When Ballance suddenly died in office, however, he was replaced by Richard Seddon, who (although a member of Ballance's Liberal Party) opposed suffrage. It appeared, therefore, that suffrage would not be granted. Despite Seddon's opposition, however, sufficient strength was assembled in the House of Representatives to pass the bill. When it arrived in the Legislative Council, several previously hostile members were sufficiently angered at Seddon's "underhand" behaviour while opposing the bill that they voted in favour. This was enough to ensure that it passed, and the bill was signed into law on 19 September. In the election later that year, women were able to vote freely.
New Zealand often claims to be the first country in the world to have granted women's suffrage, although the accuracy of this often depends on the definitions used.
Lowering the voting age
For most of New Zealand's early history, it was necessary to be at least twenty-one years old to vote. At times, however, voting rights were temporarily extended to people younger than this, such as in World War I and World War II (where serving military personnel were allowed to vote regardless of age). Later, the voting age was reduced further; in 1969, it was lowered to twenty, and in 1974, it was lowered to eighteen. Much of this was as the result of increased student interest in politics due to the Vietnam War protests.
Abolition of the citizenship requirement
In 1975, the voting franchise was extended to all permanent residents of New Zealand, regardless of whether or not they possessed citizenship. It is not, however, possible for someone to be elected to parliament if they are not a citizen. One party-list candidate for the 2002 elections was not able to assume her position as a member of parliament because she did not meet the criteria.
The switch to MMP
Apart from a brief period from 1908 to 1913 (when runoff voting was used), New Zealand used the first-past-the-post electoral system. Gradually multi-member electorates in urban areas were replaced by single member electorates and single-member first-past-the-post electorates became the norm for most of the 20th century.
Towards the end of the 20th century, however, voter dissatisfaction with the political process was growing. In particular, the 1978 election and the 1981 election both delivered outcomes that many deemed unsatisfactory; the opposition Labour Party won the highest number of votes, but Robert Muldoon's governing National Party won more seats. This was a result of the first-past-the-post electoral system. Subsequently, voter discontent grew even greater when both Labour and National were perceived to have broken their election promises by implementing the policies of "Rogernomics". This left many people wanting to support alternative parties, but the electoral system made it difficult for smaller parties to realistically compete with either of the two large ones — for example, the Social Credit Party had gained 21% of the vote in 1981, but only received two seats.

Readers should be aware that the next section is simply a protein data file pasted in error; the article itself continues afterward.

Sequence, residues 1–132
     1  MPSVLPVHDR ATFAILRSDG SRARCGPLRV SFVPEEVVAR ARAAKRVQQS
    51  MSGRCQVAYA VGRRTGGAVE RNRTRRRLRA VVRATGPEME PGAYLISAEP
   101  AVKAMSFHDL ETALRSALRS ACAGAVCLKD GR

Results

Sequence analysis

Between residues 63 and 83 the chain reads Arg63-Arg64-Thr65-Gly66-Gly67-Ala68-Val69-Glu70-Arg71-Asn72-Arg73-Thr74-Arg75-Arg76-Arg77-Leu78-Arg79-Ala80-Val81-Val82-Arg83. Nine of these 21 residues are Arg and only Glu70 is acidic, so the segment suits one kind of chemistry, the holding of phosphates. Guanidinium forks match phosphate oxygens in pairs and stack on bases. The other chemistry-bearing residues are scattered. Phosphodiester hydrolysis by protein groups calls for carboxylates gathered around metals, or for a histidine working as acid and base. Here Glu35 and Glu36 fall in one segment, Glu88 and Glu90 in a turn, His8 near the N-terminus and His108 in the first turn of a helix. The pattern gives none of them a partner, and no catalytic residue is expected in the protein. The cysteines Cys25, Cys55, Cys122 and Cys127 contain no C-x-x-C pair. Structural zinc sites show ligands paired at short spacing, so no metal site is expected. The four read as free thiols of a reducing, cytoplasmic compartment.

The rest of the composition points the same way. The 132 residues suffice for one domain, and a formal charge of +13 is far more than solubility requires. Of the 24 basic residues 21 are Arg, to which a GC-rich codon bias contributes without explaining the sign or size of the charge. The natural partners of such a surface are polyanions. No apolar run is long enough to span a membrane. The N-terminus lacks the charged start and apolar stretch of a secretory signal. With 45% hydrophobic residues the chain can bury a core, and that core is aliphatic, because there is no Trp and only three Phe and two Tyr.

In response to public anger, the Labour Party established a Royal Commission on the Electoral System, which delivered its results in 1986. Both Labour and National had expected the Commission to propose only minor reforms, but instead, it recommended the Mixed Member Proportional (MMP) system already used by Germany. Neither Labour nor National supported this idea, and National chose to embarrass Labour by pointing out their lack of enthusiasm for their own Commission's report. National, attempting to seize the upper ground, promised a referendum on the matter. Labour, unwilling to see itself outdone, promised the same. As such, both parties were committed to a holding a referendum on a policy that they did not want.
When National won the next election, it agreed (under pressure from voters) to hold a referendum. This began the process of New Zealand electoral reform, which eventually resulted in the adoption of MMP.
Results of previous elections
The following is a table of all previous general elections in New Zealand (note that elections for Maori seats were initially held separately from elections for general seats). Displayed are the dates of the elections, the officially recorded voter turnout, and the number of seats in parliament at the time. On the right are the number of seats won by the four most significant parties in New Zealand's history (the Liberal Party and the Reform Party, which later merged to form the National Party, and the Labour Party), as well as the number won by other candidates (either independents or members of smaller political parties).
- In the 1931 and 1935 elections, the Liberals and Reform acted together, but did not formally become one party (National) until 1936.
See New Zealand by-elections.
Last updated: 05-07-2005 15:58:08
Last updated: 05-13-2005 07:56:04